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What the Acne Face Map Reveals About Your Overall Health

Pinpoint the Root Causes of Your Breakouts & Get Radiant Skin the Natural Way 

Read Time: 5 - 6 Minutes 

Acne Face Map

 

Image via youbeauty.com

 

We all know that last night’s cocktails and curly fries won’t be doing our skin (or our liver, or our gut…) any favors. But did you know that there’s a whole school of thought centered on analyzing acne as a way to recognize and treat deeper underlying health issues?

Face mapping—based on ancient Chinese medicine and Ayurveda, a natural healing system dating back 2,000-5,000 years with roots in Vedic Indian culture—allows us to look past the surface (literally) and focus on the deeper origins of those pesky zits.

For instance, that spot between your eyebrows that flares up every few weeks? It might be due to more than just one too many happy-hour appetizers—it could also be a sign of too many toxins in your system. Keep in mind, occasional blemishes aren’t necessarily indicative of more serious health problems, but if you’re having chronic flare-ups in one or two specific areas, it’s worth delving further.

In this post, we show you how to identify the root causes of breakouts using the acne face map and explore easy, natural ways to achieve clearer skin and a healthier, more mindful lifestyle.

While acne can be treated from the inside out, a well adapted skin care regime helps as well. Try incorporating Anarose Hydrating Rose Toner into your daily routine, as it contains Willow Bark Extract, a natural source of salicylic acid that helps fight acne-causing bacteria, and Rose Water, a powerhouse ingredient that only kills bacteria but also soothes the skin.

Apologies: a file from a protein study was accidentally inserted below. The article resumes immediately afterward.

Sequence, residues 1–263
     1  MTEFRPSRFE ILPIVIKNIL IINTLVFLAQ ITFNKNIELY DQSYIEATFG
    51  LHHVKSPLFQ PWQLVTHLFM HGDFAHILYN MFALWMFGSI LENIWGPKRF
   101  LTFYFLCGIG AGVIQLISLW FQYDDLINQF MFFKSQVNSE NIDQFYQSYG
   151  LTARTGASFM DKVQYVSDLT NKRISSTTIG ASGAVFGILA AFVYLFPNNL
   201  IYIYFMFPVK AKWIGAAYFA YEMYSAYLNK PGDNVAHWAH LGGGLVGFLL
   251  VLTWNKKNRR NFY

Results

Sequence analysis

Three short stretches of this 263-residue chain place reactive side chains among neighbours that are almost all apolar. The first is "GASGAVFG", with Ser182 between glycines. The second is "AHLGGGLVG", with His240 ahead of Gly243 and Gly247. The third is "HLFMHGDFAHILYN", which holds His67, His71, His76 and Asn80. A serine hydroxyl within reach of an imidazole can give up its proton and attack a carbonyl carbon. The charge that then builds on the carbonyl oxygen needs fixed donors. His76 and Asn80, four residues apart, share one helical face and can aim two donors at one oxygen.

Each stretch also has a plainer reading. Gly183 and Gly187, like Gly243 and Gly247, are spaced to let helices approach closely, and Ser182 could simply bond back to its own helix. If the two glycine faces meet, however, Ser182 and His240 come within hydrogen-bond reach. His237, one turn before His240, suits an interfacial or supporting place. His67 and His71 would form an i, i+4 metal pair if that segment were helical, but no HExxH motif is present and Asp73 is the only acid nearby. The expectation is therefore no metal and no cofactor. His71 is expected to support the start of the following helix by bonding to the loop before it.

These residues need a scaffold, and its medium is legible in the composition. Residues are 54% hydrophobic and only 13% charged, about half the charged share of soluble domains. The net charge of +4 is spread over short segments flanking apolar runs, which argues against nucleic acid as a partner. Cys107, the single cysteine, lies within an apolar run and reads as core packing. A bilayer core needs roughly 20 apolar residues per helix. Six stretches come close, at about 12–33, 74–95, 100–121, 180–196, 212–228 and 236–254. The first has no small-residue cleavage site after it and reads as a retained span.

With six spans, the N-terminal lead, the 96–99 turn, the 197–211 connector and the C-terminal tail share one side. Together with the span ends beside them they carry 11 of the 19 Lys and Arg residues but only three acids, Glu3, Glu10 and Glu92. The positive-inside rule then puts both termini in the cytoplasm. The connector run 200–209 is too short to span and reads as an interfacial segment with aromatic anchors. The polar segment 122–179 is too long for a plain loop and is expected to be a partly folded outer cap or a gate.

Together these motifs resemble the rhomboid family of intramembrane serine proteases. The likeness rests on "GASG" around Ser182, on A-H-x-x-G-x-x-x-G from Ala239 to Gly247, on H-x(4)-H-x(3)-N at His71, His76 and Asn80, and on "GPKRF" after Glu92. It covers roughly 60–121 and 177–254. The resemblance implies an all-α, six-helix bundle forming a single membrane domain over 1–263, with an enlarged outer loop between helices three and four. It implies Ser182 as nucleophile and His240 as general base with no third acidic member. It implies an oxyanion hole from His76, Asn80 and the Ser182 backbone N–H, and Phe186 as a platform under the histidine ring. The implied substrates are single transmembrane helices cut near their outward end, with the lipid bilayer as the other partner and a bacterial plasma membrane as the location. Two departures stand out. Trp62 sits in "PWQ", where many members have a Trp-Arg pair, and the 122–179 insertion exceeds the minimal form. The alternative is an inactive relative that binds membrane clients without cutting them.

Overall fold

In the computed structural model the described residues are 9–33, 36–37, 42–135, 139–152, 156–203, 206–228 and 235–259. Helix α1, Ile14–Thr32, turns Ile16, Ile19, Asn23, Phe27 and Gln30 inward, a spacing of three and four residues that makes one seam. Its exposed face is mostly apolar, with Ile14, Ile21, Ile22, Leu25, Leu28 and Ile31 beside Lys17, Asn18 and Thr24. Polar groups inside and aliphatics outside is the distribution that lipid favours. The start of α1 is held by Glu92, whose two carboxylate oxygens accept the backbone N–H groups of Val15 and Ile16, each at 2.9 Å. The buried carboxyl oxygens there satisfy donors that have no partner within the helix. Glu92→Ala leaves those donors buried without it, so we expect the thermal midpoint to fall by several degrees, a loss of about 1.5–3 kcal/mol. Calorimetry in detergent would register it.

Forehead — Digestive System

 

First, make sure to keep extra oil and sweat that accumulate along your hairline or beneath your bangs under control, and then take a look at your diet. A congested forehead can be a sign of an unstable digestive system.

Aside from increasing your fluid intake, add probiotics to your diet, which will help balance your digestive tract bacteria. When there aren’t enough “good” bacteria to outweigh the bad, our digestive systems weaken. Probiotics help remedy this and are easy to find in many foods. Yogurt, tempeh, miso and Kombucha are all loaded with beneficial bacteria. Sticking to a plant-based diet will also help calm a disrupted system and in turn clear up your forehead.

Adding some herbal tea to your routine is a good way to aid digestion. Fennel, for instance, is a carminative herb, which means it prevents and remedies indigestion. It not only aids in the movement of bile, but it also relaxes our digestive tract muscles, helping food and gas pass through our systems and reducing acid levels in our stomachs and intestines. Plus, its Essential Oil contains estrogen, which prevents muscle spasms. Wild, right? (Office workers, take note: it can even help a case of the hiccups).

Stress and lack of sleep—both of which affect our digestive systems—can also contribute to forehead breakouts. Aim for 7-9 hours of sleep every night, and be sure to stick to a fairly regular routine. Sleeping in on weekends for more than an hour or so past your usual wakeup time will throw off your body’s internal clock, making it harder to get to sleep and wake up during the week. To offset stressors, try committing to yoga a few times a week or take a walk in the park after work. Just being around nature has been shown to decrease stress levels.